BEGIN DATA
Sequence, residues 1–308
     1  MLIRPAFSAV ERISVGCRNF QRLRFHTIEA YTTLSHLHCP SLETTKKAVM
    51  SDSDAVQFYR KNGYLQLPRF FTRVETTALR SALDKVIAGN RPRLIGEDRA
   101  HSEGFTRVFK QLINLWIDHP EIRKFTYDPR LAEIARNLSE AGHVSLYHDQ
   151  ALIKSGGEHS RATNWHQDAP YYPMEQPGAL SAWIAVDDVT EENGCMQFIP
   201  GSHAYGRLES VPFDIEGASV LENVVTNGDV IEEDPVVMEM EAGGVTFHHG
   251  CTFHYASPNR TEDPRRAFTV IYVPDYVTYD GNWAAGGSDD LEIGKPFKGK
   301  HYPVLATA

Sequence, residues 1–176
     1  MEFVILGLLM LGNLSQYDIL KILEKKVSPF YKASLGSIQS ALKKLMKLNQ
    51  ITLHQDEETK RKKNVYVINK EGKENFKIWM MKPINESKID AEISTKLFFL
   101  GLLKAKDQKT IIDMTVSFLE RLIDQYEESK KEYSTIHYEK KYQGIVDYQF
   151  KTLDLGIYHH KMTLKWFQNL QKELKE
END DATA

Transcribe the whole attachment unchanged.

Sequence, residues 1–308
     1  MLIRPAFSAV ERISVGCRNF QRLRFHTIEA YTTLSHLHCP SLETTKKAVM
    51  SDSDAVQFYR KNGYLQLPRF FTRVETTALR SALDKVIAGN RPRLIGEDRA
   101  HSEGFTRVFK QLINLWIDHP EIRKFTYDPR LAEIARNLSE AGHVSLYHDQ
   151  ALIKSGGEHS RATNWHQDAP YYPMEQPGAL SAWIAVDDVT EENGCMQFIP
   201  GSHAYGRLES VPFDIEGASV LENVVTNGDV IEEDPVVMEM EAGGVTFHHG
   251  CTFHYASPNR TEDPRRAFTV IYVPDYVTYD GNWAAGGSDD LEIGKPFKGK
   301  HYPVLATA

Sequence, residues 1–176
     1  MEFVILGLLM LGNLSQYDIL KILEKKVSPF YKASLGSIQS ALKKLMKLNQ
    51  ITLHQDEETK RKKNVYVINK EGKENFKIWM MKPINESKID AEISTKLFFL
   101  GLLKAKDQKT IIDMTVSFLE RLIDQYEESK KEYSTIHYEK KYQGIVDYQF
   151  KTLDLGIYHH KMTLKWFQNL QKELKE